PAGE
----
• Publication date: 4/1/2008
  • Pages: 240
  • Sales rank: 132,056
  • Product dimensions: 7.94 (w) x 5.08 (h) x 0.62 (d)

Meet the Author

Sloane Crosley

Sloane Crosley is the author of the bestsellers How Did You Get This Number and I Was Told There'd Be Cake, which was a finalist for the Thurber Prize for American Humor. Her essays and criticism have appeared in The New York Times, New York Observer, the Village Voice, Playboy, Teen Vogue, Salon, Black Book, Radar, Maxim, and The Believer. She lives in New York City.

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Customer Reviews

Average Rating 4
( 101 )
Rating Distribution

5 Star

(41)

4 Star

(29)

3 Star

(14)

2 Star

(10)

1 Star

(7)

Your Rating:

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See All Sort by: Showing 1 – 20 of 101 Customer Reviews
  • Anonymous

    Posted March 16, 2012

    :)

    I highly enjoyed this book. Sloane has a unique and profound way of looking at the world. I look forward to her next book.

    2 out of 2 people found this review helpful.

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  • Posted April 26, 2010

    I Also Recommend:

    laughed out loud

    This book was a refreshing escape after a long day of work. The author is witty and delightfully self-deprecating in her storytelling about otherwise normal day-to-day life in New York. I was sad to finish it! Her writing is similar to Dave Sedaris. Looking forward to reading her other works.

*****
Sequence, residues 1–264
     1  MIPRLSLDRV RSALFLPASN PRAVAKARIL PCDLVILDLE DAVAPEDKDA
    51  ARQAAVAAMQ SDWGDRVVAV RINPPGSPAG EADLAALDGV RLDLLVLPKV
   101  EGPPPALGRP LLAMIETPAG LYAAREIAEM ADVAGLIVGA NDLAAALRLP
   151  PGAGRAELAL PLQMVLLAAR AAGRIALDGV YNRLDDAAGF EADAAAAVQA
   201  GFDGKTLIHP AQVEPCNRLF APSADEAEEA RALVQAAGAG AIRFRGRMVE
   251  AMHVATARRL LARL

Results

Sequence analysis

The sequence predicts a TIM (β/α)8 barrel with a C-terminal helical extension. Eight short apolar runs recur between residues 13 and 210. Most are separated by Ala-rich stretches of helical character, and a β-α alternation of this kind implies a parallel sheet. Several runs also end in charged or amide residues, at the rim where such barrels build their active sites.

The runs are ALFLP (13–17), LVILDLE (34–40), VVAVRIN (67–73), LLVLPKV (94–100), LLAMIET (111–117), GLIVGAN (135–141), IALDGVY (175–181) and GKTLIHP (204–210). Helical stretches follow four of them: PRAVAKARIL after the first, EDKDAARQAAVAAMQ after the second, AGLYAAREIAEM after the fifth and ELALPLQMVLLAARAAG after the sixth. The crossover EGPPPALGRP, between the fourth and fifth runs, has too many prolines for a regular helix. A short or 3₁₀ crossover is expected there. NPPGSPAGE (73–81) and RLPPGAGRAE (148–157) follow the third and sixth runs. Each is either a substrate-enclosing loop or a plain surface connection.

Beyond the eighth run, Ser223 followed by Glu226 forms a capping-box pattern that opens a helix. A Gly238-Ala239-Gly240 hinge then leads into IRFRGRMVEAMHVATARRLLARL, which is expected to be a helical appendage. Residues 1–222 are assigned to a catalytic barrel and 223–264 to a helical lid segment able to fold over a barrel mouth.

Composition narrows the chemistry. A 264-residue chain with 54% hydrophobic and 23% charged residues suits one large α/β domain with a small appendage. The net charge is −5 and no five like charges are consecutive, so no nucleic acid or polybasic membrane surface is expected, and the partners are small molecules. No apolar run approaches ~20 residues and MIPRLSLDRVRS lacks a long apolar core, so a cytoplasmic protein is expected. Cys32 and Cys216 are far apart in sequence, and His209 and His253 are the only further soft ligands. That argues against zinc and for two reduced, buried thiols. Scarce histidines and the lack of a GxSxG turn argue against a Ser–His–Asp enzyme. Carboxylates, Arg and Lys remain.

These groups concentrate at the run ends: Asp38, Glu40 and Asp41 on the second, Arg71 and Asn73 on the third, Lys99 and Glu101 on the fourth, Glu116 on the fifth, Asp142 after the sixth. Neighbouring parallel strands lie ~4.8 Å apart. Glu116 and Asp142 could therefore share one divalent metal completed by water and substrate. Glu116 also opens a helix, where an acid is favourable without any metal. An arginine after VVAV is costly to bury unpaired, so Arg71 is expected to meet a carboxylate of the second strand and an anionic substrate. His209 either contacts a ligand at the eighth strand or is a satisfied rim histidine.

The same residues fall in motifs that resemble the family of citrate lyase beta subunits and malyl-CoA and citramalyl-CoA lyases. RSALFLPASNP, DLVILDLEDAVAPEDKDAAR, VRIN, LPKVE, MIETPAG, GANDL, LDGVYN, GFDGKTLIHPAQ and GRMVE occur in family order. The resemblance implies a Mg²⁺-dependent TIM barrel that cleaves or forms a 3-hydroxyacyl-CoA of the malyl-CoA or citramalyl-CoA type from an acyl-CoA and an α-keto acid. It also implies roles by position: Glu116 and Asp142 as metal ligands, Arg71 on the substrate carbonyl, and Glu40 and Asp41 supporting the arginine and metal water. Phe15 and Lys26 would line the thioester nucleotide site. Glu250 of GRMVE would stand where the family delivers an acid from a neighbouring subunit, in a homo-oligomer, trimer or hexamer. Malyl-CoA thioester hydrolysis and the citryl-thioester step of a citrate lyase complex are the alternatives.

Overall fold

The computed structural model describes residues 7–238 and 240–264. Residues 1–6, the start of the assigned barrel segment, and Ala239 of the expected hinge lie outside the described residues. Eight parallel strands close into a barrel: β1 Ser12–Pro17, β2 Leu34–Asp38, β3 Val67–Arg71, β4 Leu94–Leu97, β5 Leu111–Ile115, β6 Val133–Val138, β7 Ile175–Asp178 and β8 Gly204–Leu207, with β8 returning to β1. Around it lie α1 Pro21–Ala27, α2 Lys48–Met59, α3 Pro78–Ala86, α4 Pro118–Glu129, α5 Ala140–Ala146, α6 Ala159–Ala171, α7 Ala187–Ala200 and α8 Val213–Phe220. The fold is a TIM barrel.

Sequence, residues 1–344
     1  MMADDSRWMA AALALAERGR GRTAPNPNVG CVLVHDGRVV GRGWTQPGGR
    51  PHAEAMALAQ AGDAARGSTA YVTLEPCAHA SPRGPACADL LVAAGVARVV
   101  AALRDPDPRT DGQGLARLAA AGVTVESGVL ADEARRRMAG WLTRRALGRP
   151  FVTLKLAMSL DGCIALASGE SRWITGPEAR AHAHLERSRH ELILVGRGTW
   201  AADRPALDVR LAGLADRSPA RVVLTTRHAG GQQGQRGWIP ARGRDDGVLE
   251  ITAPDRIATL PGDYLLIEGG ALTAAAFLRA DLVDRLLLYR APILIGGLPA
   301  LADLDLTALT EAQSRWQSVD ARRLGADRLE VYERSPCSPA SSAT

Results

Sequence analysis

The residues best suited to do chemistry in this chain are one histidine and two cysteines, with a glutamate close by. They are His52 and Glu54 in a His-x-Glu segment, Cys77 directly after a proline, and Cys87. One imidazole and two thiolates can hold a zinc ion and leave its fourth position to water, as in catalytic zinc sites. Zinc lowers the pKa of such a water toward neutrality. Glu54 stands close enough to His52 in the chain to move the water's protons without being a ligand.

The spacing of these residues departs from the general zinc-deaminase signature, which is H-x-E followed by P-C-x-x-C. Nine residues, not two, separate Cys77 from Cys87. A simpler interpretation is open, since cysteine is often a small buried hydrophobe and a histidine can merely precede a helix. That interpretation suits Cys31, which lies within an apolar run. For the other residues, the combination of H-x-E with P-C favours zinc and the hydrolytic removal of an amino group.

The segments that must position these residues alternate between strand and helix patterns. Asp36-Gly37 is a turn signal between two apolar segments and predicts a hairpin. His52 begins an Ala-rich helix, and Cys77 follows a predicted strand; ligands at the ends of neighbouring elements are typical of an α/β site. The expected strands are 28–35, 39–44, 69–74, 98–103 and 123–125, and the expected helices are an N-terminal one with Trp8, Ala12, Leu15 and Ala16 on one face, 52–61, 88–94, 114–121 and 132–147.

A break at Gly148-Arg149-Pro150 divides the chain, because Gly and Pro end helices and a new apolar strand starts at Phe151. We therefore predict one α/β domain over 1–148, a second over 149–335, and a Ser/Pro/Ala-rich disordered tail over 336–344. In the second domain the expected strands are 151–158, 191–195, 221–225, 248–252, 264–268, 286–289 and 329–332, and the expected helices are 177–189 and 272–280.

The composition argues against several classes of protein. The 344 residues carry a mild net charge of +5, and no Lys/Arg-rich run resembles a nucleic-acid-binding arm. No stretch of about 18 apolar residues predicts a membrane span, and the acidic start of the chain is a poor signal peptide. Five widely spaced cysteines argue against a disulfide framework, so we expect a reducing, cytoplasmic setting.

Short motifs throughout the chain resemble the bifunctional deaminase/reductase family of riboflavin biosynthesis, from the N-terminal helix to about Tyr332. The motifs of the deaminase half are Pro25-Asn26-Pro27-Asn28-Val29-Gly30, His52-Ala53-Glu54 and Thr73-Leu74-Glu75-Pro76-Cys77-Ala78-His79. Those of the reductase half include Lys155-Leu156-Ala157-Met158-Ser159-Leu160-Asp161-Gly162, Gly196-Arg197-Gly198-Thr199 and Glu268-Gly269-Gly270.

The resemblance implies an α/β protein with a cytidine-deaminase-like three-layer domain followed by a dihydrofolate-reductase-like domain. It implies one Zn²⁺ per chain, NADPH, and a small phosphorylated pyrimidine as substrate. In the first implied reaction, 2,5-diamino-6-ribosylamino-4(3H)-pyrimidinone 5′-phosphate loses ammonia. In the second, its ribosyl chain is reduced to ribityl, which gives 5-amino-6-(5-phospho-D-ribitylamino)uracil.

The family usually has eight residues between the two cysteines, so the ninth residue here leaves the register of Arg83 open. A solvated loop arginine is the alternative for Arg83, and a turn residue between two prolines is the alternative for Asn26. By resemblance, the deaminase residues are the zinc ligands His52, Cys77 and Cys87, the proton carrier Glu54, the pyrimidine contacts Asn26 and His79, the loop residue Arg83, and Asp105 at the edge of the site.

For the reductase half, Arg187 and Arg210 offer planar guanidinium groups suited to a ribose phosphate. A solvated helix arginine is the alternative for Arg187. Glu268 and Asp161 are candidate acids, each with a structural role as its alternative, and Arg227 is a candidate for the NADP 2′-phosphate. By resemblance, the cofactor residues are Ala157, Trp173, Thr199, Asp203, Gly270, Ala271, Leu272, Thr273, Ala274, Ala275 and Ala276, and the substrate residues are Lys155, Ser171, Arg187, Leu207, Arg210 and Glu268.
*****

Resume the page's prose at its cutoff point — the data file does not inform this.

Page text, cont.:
2 out of 2 people found this review helpful.

    Was this review helpful? Yes  No   Report this review
  • Anonymous

    Posted October 22, 2011

    Great read

    This is a very entertaining set of essays by the author of How Did You Get This Number? Specifically requested by a friend who had the other book.

    1 out of 1 people found this review helpful.

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  • Posted June 1, 2010

    I Also Recommend:

    Nothing but "Wit & Charm"

    From the start Sloane Crosley's "I was told there'd be cake" tucks you into her magic world of sharply witted words and delectable charm---much the same way writer Dorothy Parker did nearly ninety years ago. Crosley's seemingly effortless flow of words and gabs, would have fit squarely in the infamous Algonquin Round Table made famous by Parker and her clever friends. Fresh eyes bring fresh insight, and to author Sloane these traits glue like butter to her psyche. If laughing out loud is for you when your reading, by all means grab this book and covet it. It won't disappoint. I'm only disappointed in the fact the book wasn't sold with a gem of a cake to indulge with along with it. Sliced right though, this book will do nothing but smile right back at you.

    1 out of 1 people found this review helpful.

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  • Anonymous

    Posted November 9, 2009

    Why do I have to give it one whole star?

    If only you could rate it lower. I was so excited to get this book in the mail because I had been on an essay kick with the likes of Sarah Vowell and David Sedaris. The author/narrator of this book so so irritating that I was almost unable to get to the end of the book. On the other hand, if you are looking for a book to make you feel better about yourself, this could be stimulating.

    1 out of 2 people found this review helpful.

    Was this review helpful? Yes  No   Report this review